[Pierre Thiam] Well, it does help African farmers because they didn't have access to markets. So the whole thing. I can give you a brief summary of how it happened. And I did continue cooking and writing cookbooks, and I just released my fourth one and running two restaurants in New York City at the moment. But what happened is, as I was exploring, writing those cookbooks, traveling to remote areas of Senegal to do research on the cookbooks, because I wanted the book to be about the story of those farmers, the story of those fishermen, the story of those producers who are never talked about; but without them, there's no cookbooks, there's no restaurants, there's no chefs. That's where it starts. So that connection was important for me. I wanted the reader to know that. And as I'm traveling to learn myself, to learn more about it, I'm seeing in this most remote part of Senegal, where they serve fonio, this grain. This is also one of the poorest regions of the country. This is a region where there's no youth. Everyone is gone. There's like, just migration is amazing. I think it's the highest rate of migration. Everyone is looking for opportunities out there. They try to make it to Europe in the most drastic ways. Some try to go on the [unintelligible] boats, fishermen. The [unintelligible] boats. And the fishermen are happy to be the one doing it because there's no fish in the ocean because of also the exploitation, overexploitation, overfishing. So how it helps them, to answer your question is, now we can contract them to grow something that they've been growing for 5000 years or more. Fonio is the oldest cultivated grain in Africa, and we can contract them. Before this time, they didn't have access to market. They were growing it for their own subsistence. This grain is so fantastic. It's one of the grains that grows the fastest, you can grow it within two months. It's a grain that's so resilient, and it's drought resistant. It's a grain that relies on the first rain. As soon as it rains, it doesn't matter how the rainy season comes. The fonio is guaranteed to grow, and not only is guaranteed to grow, it regenerates the soil. It can grow in poor soil, and it regenerates it because it has deep roots that add nutrients to the soil. There's so much going for this grain. Not only that, it's also very versatile. You can adapt to different type of cuisines. I've dedicated a whole cookbook on fonio, the fonio cookbook, just to tell you that you can go from the traditional recipes all the way to sushi or pasta with fonio. So, it's really that type of a grain. It didn't make sense to me that a grain like this didn't have access to market. And I thought, as a chef based in New York, from a vantage point, I've seen how quinoa was successful, and fonio is also that type of grain. It's gluten free. It had possibilities. This is how it changed. By contracting them and opening the market for them.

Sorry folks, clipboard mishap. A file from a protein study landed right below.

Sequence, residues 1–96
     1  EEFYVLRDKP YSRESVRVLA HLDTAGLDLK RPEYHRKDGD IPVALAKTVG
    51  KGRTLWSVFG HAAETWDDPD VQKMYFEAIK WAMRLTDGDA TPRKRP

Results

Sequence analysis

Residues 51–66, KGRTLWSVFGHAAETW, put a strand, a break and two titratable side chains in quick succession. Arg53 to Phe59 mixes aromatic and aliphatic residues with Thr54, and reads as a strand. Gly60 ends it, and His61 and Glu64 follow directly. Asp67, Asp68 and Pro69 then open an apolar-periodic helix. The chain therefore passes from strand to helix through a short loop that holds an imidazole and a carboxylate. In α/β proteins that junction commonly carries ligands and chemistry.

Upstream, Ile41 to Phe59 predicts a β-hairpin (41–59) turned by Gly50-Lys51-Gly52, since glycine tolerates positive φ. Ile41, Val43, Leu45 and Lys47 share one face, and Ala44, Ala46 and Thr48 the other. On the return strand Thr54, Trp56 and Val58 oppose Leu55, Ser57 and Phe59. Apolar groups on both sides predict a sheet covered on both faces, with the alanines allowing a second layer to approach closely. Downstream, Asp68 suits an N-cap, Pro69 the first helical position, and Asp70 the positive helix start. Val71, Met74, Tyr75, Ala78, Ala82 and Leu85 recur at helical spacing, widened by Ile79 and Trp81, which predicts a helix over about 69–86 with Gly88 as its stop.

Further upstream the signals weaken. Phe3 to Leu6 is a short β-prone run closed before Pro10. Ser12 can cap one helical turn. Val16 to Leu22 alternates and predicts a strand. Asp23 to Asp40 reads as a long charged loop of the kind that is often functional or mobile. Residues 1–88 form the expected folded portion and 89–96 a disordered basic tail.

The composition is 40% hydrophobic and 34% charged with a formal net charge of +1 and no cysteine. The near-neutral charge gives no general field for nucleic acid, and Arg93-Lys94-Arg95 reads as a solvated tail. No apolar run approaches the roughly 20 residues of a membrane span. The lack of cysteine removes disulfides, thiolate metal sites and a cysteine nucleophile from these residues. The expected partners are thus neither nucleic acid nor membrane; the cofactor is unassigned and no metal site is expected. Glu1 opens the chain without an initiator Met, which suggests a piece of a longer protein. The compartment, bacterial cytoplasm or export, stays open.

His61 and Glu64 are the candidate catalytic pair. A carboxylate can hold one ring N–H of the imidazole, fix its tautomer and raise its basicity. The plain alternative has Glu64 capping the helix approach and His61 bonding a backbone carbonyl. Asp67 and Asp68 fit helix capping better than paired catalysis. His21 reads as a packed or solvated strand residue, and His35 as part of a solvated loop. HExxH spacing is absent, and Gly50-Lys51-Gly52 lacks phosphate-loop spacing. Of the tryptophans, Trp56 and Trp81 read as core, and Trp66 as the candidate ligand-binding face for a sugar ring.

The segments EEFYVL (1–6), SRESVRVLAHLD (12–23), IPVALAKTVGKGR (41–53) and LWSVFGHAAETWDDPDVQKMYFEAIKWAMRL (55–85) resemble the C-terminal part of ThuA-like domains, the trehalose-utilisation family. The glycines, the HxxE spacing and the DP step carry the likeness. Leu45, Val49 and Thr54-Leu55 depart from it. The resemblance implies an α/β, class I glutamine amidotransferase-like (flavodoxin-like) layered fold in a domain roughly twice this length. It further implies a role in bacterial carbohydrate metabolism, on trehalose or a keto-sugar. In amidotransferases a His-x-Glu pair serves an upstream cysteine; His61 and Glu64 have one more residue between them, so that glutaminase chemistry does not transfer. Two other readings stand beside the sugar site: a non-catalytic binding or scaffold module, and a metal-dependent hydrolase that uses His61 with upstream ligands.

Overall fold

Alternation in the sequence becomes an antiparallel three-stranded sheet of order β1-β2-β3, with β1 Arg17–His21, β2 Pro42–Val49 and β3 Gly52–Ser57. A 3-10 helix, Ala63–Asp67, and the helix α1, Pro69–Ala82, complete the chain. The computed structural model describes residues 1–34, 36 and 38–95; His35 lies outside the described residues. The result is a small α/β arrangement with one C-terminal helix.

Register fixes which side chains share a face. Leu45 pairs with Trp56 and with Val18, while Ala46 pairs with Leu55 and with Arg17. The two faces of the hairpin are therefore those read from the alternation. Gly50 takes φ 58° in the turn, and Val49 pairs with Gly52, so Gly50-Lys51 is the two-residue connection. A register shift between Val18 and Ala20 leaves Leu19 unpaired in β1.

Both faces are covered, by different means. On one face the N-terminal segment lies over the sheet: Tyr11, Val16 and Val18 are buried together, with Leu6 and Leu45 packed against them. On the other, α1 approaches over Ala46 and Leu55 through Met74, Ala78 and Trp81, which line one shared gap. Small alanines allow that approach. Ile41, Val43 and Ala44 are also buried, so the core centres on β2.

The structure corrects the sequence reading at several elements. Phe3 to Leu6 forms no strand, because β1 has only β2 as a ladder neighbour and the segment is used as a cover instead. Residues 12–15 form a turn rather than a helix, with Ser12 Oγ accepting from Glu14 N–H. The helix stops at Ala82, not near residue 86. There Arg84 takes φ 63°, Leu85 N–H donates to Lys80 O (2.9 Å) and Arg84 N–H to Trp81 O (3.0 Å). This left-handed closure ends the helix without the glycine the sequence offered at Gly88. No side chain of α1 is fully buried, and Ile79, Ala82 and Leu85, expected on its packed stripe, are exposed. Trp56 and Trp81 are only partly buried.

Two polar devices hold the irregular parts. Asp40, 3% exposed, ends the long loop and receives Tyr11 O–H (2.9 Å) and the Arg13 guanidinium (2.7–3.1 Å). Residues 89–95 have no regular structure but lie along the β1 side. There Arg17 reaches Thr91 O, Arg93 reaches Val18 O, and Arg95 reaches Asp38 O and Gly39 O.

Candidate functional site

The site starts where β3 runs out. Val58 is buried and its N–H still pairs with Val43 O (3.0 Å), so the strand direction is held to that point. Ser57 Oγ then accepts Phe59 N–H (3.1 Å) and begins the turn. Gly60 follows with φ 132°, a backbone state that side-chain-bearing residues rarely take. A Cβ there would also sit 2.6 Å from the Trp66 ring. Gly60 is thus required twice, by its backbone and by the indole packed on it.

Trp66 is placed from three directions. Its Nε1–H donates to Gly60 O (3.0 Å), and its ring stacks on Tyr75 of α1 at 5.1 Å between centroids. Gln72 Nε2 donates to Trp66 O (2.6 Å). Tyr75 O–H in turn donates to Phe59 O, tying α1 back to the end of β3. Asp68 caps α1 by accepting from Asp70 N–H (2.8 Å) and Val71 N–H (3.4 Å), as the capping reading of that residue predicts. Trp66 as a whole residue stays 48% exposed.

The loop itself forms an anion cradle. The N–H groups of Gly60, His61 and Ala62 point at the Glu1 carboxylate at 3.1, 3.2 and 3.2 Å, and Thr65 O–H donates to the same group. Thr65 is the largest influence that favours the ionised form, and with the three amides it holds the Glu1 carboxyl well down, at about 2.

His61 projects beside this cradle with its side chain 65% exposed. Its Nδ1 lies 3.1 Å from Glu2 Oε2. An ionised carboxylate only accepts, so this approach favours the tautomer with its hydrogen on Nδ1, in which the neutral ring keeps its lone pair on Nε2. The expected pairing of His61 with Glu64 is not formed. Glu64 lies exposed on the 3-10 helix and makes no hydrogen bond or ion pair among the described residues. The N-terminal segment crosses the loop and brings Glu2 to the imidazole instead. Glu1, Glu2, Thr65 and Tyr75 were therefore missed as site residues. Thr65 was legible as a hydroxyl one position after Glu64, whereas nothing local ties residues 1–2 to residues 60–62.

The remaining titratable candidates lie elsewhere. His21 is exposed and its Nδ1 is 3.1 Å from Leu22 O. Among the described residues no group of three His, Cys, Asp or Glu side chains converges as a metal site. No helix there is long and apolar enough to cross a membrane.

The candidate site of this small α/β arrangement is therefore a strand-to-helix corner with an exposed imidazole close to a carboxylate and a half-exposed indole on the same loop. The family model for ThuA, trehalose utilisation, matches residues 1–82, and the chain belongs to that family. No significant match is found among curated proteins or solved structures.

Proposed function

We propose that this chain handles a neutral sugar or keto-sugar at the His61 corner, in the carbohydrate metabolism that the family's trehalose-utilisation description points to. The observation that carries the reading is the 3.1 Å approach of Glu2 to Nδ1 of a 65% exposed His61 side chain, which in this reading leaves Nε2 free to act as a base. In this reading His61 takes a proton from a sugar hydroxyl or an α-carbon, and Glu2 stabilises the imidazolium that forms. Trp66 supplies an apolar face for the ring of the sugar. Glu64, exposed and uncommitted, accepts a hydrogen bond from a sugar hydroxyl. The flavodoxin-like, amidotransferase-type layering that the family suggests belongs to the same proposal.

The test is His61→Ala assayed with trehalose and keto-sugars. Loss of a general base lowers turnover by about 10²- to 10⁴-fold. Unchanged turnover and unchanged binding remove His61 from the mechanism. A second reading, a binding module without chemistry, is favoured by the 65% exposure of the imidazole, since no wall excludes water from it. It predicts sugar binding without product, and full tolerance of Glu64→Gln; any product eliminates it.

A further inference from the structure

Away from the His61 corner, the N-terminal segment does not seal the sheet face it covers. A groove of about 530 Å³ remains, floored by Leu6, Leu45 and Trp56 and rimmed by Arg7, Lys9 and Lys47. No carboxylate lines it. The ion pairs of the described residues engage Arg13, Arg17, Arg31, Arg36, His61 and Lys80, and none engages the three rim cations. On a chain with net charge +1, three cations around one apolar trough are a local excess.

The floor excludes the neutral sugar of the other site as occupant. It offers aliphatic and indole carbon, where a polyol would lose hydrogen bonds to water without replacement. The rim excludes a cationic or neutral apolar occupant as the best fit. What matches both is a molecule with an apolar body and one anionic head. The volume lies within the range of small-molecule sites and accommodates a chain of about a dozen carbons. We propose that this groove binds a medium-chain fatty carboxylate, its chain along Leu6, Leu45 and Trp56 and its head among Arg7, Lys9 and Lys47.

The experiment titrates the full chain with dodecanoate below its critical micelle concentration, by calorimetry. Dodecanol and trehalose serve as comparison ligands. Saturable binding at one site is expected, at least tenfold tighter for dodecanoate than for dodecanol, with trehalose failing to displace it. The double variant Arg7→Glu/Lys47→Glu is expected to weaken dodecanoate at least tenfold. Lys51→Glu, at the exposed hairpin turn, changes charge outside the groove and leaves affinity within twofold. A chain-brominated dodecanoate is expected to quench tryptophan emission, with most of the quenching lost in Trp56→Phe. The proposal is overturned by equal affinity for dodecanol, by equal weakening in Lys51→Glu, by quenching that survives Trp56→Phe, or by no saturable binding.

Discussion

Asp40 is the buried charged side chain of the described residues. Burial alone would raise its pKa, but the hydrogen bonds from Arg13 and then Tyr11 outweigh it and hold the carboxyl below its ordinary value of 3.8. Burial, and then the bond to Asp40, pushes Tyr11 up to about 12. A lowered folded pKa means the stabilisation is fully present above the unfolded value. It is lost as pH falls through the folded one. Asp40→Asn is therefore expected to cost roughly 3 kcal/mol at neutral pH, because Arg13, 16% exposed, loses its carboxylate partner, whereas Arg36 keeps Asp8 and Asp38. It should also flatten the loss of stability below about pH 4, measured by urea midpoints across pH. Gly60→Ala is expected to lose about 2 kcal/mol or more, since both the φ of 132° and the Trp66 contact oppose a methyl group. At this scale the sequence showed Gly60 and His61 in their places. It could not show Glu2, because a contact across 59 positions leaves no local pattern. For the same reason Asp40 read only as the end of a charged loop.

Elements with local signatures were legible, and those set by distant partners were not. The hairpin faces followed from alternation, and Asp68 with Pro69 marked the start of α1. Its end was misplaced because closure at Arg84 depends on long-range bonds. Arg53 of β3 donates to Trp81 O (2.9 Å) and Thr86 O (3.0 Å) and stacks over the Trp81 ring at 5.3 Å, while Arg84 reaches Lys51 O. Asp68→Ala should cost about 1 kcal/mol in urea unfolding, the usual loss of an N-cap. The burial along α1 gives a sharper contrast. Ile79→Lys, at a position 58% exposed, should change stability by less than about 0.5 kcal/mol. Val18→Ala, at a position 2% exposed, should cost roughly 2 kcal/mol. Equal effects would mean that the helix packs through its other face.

[Kathleen Hays] You know, in an area where people, all they could do was leave. That starts it right there, I think, in terms of how powerful this kind of thing can be. So, Paola, to you, Fanm Djanm is closely connected to Haiti, first in your birth and part of your upbringing, and then in terms of how you developed it. Headdresses, accessories. But I want to know specifically in terms of how does this move forward and how does it help some? I mean, Haiti had a very tough time for a while, and violence, gender violence. What is the link there? What is the support that this gives?